Social Security disability benefits may be taxable if you have other income that causes you to exceed a certain threshold. However, the majority of people who receive Social Security benefits do not have to pay tax on their benefits because most people who meet the strict program eligibility criteria have little or no additional income.
Key points to remember
- Many Americans rely on Social Security Disability Income Benefits (SSDI) for financial support.
- If your total income, including SSDI benefits, exceeds the IRS thresholds, the amount that exceeds the limit is subject to federal income tax.
- Most states do not tax SSDI benefits, but 13 states do (to varying degrees).
How Social Security Disability Works
President Franklin Roosevelt included the Social Security program as part of his New Deal government reforms of the 1930s. The purpose of the New Deal was to get the country out of the Great Depression and restore its economy. Social Security was designed to provide a financial safety net for older Americans and people with disabilities.
Most people who receive Social Security disability benefits fall into the first category. They have reached at least the minimum retirement age of 62 and have applied to receive monthly benefits based on the money they put into the system during their working years.
People who receive social security benefits because of a disability do not need to be a particular age to receive benefits (although they must have contributed to the social security system while working). Instead, their disability must meet strict criteria set by the Social Security Administration (SSA).
First, the SSA says, “Your condition must severely limit your ability to do basic work such as lifting, standing, walking, sitting, and remembering, for at least 12 months. The condition should prevent you from doing the kind of work you used to do, and depending on your age, education, experience, and transferable skills, you may not be able to do other work.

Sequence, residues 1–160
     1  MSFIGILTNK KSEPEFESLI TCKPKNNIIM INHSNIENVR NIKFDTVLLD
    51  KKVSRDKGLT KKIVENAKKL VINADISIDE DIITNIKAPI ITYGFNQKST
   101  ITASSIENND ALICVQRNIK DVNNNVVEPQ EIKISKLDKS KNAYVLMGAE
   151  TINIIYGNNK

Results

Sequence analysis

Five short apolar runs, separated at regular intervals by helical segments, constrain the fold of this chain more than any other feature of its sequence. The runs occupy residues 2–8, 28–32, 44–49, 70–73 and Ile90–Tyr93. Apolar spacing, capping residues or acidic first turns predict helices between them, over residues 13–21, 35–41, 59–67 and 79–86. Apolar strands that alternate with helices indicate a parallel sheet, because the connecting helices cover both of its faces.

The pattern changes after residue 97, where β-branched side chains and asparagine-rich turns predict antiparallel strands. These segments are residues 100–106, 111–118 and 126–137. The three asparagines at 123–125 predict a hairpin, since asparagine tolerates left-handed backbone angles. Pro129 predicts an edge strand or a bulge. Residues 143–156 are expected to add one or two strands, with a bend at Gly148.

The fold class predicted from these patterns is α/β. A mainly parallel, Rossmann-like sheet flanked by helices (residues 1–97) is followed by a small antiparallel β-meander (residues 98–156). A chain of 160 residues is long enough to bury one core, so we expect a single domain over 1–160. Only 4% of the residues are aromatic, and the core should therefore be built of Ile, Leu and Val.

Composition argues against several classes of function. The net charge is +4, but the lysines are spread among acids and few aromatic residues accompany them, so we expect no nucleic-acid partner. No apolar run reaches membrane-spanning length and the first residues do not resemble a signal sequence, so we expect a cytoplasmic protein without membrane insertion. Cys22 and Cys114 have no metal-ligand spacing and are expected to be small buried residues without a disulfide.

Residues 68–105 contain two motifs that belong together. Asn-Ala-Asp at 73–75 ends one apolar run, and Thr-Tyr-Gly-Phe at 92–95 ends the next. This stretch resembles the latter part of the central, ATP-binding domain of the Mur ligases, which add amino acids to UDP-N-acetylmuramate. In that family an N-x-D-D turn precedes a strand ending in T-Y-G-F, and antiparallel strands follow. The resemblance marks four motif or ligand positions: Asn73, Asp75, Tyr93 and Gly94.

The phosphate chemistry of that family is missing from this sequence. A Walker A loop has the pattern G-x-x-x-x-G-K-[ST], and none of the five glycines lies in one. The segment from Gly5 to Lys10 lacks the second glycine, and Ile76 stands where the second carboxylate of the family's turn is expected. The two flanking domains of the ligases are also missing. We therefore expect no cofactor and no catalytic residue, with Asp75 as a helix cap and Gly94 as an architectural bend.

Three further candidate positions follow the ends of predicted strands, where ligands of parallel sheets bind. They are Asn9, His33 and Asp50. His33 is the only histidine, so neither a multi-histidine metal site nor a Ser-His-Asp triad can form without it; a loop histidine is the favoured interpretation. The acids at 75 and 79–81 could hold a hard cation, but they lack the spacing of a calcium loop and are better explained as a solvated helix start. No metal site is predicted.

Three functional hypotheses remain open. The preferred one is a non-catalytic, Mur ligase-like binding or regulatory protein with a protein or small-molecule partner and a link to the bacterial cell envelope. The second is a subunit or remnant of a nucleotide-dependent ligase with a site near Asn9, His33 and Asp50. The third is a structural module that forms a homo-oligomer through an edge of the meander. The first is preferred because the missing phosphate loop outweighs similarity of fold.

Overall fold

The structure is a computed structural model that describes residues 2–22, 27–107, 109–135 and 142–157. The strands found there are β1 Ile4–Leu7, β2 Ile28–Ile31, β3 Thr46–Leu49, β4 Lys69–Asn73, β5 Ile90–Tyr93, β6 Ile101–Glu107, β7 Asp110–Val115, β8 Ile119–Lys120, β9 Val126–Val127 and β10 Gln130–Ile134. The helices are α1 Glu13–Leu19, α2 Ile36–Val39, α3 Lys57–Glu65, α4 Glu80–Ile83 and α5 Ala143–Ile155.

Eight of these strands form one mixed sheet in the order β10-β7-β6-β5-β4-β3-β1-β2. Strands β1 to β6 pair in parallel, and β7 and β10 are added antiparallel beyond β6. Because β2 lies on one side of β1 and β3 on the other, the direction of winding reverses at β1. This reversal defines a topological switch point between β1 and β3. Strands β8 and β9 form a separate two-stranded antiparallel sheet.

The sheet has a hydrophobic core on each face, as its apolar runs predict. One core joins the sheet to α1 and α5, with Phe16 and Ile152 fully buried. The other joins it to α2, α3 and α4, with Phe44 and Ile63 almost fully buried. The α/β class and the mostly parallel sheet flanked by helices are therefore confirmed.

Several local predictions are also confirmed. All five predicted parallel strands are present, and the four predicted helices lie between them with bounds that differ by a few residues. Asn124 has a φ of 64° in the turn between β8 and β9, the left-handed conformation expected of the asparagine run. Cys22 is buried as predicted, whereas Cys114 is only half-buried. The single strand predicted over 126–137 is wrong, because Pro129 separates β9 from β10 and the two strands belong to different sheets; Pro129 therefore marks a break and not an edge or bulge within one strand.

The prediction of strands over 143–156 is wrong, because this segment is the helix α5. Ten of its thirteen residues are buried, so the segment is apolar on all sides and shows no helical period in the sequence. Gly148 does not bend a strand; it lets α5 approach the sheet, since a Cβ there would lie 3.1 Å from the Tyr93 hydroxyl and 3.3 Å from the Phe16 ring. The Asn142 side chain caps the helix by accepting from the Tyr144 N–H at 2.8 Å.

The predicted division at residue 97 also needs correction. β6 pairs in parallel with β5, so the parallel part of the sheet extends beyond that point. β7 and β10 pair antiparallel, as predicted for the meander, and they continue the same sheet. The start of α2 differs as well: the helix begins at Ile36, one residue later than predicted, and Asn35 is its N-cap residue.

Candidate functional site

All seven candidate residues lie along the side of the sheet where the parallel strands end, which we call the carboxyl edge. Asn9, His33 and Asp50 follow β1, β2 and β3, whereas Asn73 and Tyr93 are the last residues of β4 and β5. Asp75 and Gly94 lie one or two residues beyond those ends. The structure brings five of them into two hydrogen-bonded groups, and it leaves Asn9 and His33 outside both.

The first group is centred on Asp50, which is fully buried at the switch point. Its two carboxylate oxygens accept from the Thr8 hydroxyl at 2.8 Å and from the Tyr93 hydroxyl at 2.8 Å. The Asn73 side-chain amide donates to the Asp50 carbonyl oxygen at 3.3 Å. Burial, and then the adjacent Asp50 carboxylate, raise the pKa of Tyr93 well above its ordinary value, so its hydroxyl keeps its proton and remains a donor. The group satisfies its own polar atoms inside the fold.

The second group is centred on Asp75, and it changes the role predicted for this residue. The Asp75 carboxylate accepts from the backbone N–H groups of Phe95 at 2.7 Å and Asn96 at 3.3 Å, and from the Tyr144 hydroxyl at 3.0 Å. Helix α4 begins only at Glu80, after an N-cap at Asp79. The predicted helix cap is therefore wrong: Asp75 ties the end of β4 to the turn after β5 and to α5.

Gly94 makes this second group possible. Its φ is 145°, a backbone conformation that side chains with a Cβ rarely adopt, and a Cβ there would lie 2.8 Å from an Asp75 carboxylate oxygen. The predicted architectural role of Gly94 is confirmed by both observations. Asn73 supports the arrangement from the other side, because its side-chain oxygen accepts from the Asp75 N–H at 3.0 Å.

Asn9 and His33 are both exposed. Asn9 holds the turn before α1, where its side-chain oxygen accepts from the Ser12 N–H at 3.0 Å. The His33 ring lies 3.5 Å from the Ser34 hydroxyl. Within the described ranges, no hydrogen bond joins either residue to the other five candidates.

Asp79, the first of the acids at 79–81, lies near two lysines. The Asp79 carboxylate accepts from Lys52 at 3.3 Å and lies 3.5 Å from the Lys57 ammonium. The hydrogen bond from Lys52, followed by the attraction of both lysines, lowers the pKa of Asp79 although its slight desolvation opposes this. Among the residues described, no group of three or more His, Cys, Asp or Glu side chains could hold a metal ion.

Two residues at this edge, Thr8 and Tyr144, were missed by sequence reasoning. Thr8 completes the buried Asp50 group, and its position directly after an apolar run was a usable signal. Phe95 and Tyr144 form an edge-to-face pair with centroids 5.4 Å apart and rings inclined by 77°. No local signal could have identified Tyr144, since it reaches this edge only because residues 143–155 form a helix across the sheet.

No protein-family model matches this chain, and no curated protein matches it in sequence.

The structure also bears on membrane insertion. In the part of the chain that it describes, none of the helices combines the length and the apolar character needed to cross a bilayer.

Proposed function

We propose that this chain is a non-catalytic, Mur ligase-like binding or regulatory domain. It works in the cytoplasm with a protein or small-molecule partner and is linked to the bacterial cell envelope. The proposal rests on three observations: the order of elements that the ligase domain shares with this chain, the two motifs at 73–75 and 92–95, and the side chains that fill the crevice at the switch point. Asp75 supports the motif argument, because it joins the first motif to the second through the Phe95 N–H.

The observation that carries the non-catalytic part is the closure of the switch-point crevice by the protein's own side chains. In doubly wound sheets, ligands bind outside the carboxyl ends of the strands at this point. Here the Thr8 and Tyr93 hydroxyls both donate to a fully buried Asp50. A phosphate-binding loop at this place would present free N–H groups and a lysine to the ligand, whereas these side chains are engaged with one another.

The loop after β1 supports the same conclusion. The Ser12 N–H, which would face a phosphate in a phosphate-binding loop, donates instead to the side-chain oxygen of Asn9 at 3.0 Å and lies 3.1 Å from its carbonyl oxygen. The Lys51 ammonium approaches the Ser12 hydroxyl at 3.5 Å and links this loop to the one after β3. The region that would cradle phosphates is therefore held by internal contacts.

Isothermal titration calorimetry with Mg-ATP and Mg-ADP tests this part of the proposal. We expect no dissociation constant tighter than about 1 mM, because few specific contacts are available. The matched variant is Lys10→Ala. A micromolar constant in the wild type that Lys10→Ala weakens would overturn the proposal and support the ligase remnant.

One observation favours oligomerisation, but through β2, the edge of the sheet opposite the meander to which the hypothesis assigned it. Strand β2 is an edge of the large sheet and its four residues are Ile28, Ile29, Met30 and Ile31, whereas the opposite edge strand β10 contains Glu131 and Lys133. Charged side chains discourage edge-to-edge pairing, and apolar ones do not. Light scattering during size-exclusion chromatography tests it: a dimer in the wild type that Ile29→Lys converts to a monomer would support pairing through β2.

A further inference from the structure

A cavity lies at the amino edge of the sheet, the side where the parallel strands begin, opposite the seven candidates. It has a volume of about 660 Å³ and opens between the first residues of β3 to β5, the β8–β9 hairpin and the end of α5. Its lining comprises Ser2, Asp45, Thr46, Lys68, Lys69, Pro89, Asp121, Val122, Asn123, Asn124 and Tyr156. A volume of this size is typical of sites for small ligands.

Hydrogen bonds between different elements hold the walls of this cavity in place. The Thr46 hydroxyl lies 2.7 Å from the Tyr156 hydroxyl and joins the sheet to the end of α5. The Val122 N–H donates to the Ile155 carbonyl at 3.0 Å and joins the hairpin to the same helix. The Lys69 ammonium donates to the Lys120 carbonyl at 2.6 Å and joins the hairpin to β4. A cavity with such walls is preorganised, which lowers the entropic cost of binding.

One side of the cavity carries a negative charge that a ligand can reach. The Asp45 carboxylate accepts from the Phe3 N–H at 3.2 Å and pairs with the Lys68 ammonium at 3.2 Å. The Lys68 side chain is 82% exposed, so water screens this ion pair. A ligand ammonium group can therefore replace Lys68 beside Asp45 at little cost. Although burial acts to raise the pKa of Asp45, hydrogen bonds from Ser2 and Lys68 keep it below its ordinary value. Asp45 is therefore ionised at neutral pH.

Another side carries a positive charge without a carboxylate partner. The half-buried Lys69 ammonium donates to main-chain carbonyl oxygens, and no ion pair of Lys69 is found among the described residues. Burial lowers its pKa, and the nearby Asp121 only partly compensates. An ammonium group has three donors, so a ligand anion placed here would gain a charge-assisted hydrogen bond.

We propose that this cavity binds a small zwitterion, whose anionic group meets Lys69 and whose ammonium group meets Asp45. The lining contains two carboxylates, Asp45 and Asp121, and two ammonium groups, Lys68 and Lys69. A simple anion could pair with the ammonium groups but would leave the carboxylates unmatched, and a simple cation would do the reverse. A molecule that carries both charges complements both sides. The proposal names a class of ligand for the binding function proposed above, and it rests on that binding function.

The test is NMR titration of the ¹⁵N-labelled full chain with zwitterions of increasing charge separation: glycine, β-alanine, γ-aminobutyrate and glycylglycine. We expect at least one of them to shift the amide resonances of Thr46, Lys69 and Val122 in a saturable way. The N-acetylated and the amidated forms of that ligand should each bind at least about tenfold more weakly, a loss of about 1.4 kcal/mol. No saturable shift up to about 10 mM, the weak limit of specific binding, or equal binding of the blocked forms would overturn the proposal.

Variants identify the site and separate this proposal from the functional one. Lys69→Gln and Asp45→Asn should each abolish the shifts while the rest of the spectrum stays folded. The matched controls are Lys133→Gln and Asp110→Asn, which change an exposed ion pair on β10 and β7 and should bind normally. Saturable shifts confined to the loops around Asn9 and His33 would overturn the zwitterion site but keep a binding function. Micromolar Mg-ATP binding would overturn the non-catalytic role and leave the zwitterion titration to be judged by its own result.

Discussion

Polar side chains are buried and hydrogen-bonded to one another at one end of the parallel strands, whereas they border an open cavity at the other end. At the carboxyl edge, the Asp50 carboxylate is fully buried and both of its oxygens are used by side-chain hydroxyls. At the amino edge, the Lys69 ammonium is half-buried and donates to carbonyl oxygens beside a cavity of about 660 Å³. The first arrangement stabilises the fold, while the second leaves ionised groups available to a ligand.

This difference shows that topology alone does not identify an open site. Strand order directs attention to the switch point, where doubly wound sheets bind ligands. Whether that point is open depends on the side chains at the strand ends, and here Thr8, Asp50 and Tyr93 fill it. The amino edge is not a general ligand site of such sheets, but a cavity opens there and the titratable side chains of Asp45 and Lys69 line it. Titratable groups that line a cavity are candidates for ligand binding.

In addition, you must not currently work or work so little that your monthly income is less than $ 1,310 in 2021 ($ 1,350 for tax year 2022). The specific type of disability must be included on the approved SSA list or otherwise found to be equal in severity to a condition on the list.
When disability benefits are taxed
The taxation of Social Security disability benefits depends on your total income. You will avoid taxes if your total income, which is determined by adding half of your disability benefits to all other sources of income, including tax-exempt interest, is below the threshold set by the Internal Revenue Service. (IRS). If you are single, the threshold amount is currently $ 25,000. If you are married and file jointly, it is $ 32,000.
State taxes on disability benefits
Most states do not tax Social Security benefits, including disability benefits. As of 2020, however, a total of 13 states enjoy tax benefits to some extent. These states are Colorado, Connecticut, Kansas, Minnesota, Missouri, Montana, Nebraska, New Mexico, North Dakota, Rhode Island, Utah, Vermont, and West Virginia. Most of these states establish income criteria similar to those used by the IRS to determine the amount, if any, of your disability benefits that are taxable.